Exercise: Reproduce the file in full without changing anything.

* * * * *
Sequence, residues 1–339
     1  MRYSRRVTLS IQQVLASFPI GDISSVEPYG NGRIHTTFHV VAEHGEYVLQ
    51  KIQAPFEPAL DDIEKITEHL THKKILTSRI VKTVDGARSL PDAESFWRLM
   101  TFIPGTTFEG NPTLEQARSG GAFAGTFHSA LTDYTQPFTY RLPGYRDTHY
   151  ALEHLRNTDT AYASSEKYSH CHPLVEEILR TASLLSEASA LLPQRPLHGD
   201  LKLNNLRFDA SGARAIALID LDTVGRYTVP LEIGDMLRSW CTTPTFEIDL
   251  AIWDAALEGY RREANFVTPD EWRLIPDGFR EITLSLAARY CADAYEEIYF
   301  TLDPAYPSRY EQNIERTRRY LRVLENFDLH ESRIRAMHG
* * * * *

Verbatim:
Sequence, residues 1–339
     1  MRYSRRVTLS IQQVLASFPI GDISSVEPYG NGRIHTTFHV VAEHGEYVLQ
    51  KIQAPFEPAL DDIEKITEHL THKKILTSRI VKTVDGARSL PDAESFWRLM
   101  TFIPGTTFEG NPTLEQARSG GAFAGTFHSA LTDYTQPFTY RLPGYRDTHY
   151  ALEHLRNTDT AYASSEKYSH CHPLVEEILR TASLLSEASA LLPQRPLHGD
   201  LKLNNLRFDA SGARAIALID LDTVGRYTVP LEIGDMLRSW CTTPTFEIDL
   251  AIWDAALEGY RREANFVTPD EWRLIPDGFR EITLSLAARY CADAYEEIYF
   301  TLDPAYPSRY EQNIERTRRY LRVLENFDLH ESRIRAMHG